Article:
Based on the provided criteria, I think you'd better get this one: "Tao Te Ching: The New English Version That Makes Good Sense" https://www.amazon.com/gp/product/1727252241/ I've read about thirty translations, and found that this is the most comprehensible one. This book stands out of the crowd because it is based on the author's research breakthroughs ...


3

My favourite translation is by Jonathan Star. Although it is not altogether true to the original Chinese I believe, after reading many different translations, that Star retains the essence of what is being said, but delivers it in a readable and poetic format.


3

I've done a translation of the Dao De Jing myself, from the chinese version available here, and the aid of several different translations, in english and portuguese, and some slight different versions of the original (noted in some of the english/portuguese translations). Most translations seem too "mystic" to me. Many (like James Legge's) were made by ...


3

What others have taught, I also teach: The forceful and violent will not die from natural causes. This will be my chief doctrine. https://www.taoistic.com/taoteching-laotzu/taoteching-42.htm This site offers the following interpretation : The last lines could very well be intended as separate from the preceding ones. It's a simple statement. Those who live ...


3

It's quite the other way round. Our habitual reactions are mechanical ie "robotic" and contribute a background din which actually dilutes and degrades the freshness of the experience I take the farmer to be (represent) an enlightened being speaking to unenlightened folk. His laconic responses invite the others to a wider perspective The deeper point of ...


2

I would recommend the James Legge translation which can be found with notes here:- http://www.sacred-texts.com/tao/sbe39/index.htm and all on one page without notes here:- http://www.sacred-texts.com/tao/taote.htm Also on Sacred Books of The East, vol 39 (sbe39) is The Writings of Chuang Tzu, which in many places elucidates the Tâo Te Ching. There are ...


2

The advocate and objector in that passage are talking past one another by using different notions of "is"; the advocate is using equality, while the objector is using subset. Which one is correct depends on what you mean by "is" (or, rather whatever word or phrase was used in the original). Modern set theory can express these ideas so clearly that it ...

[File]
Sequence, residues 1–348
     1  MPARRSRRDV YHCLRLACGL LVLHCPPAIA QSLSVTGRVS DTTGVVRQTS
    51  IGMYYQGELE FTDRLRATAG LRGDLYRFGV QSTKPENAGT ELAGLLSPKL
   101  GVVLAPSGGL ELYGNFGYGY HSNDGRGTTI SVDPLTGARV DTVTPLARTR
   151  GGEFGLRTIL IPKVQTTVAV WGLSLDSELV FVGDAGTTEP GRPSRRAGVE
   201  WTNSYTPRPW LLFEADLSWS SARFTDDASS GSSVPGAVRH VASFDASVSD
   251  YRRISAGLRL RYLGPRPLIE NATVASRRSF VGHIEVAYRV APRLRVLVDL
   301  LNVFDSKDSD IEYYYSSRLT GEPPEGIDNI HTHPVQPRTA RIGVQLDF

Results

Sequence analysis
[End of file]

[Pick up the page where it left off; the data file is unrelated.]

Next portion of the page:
2

"Why does everyone love the Tao so much when they first find it? Isn't it because you find what you seek, and know that your sins are forgiven?" When I first ran across this bit from the TTC, as penned by my teacher, Gia-fu Feng in his beautiful translation (the first available in the West that was done by a native Chinese speaker), I was quite stunned by ...


2

Taoism teaches that a way of living exists that is compatible with health and happiness. There is a great emphasis on not explicating the way, but to use intution and experience to impliment or activate it. Christianity does the same thing but can point to a incarnation of the right way -- the life of Jesus.


2

To argue that the ethics and morality of Taoism are similar to the Christian is a rather simplistic argument. All the great religions teach similar ethics and morality. Taoism is a non-dual tradition, very different from the monotheistic tradition of Christianity. David Loy writes in Nonduality: A Study of Comparative Philosophy: "The first section [of ...


2

To give you a reference, André van der Braak wrote a comparative study on Nietzsche and Zen (worldcat link). As Zen is influenced by Daoism (or so Van der Braak claims), he discusses it, including Zhuangzi, in relation to Nietzsche. One of the subjects is indeed Nietzschean scepticism and (Daoist influenced) Zen scepticism. Another similarity Van der Braak ...


2

The good person teaches the bad person to make them better. The task of the good person is to help the bad person.


2

First, I agree with Virmaior's answer. Let me give a little bit of background on Sanskrit reasoning which may shed some light on the white horse. [I have taken this from Swami Madhavananda's comments on verse 247 of Sankaracharya's Crest Jewel of Discrimination] There are three kinds of 'implied meaning' or Lakshana- Jahati, Ajahati, and Bhaga Lakshana. In ...


2

If I understand the question correctly I believe you are referring to the totality of Dao within Daoism. @virmaior is correct that Tao/Dao is used in other Chinese philosophies as well but we shall limit this discussion to only Taoism (see Confucianism ethical Dao) Dao is something unexplainable/beyond comprehension (words can not adequately describe the ...